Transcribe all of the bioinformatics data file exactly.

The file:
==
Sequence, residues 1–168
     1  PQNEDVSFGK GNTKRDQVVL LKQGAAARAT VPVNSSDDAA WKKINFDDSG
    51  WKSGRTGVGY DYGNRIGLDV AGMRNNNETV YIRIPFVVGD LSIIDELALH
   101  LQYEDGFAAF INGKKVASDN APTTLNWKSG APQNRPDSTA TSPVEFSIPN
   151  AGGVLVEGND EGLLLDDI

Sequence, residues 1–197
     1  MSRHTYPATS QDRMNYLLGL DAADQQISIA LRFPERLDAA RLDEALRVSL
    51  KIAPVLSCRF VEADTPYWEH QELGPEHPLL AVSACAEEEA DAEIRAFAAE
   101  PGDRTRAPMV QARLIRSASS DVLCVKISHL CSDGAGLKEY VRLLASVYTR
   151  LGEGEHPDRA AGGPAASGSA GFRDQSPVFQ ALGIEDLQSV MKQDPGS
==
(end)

Sequence, residues 1–168
     1  PQNEDVSFGK GNTKRDQVVL LKQGAAARAT VPVNSSDDAA WKKINFDDSG
    51  WKSGRTGVGY DYGNRIGLDV AGMRNNNETV YIRIPFVVGD LSIIDELALH
   101  LQYEDGFAAF INGKKVASDN APTTLNWKSG APQNRPDSTA TSPVEFSIPN
   151  AGGVLVEGND EGLLLDDI

Sequence, residues 1–197
     1  MSRHTYPATS QDRMNYLLGL DAADQQISIA LRFPERLDAA RLDEALRVSL
    51  KIAPVLSCRF VEADTPYWEH QELGPEHPLL AVSACAEEEA DAEIRAFAAE
   101  PGDRTRAPMV QARLIRSASS DVLCVKISHL CSDGAGLKEY VRLLASVYTR
   151  LGEGEHPDRA AGGPAASGSA GFRDQSPVFQ ALGIEDLQSV MKQDPGS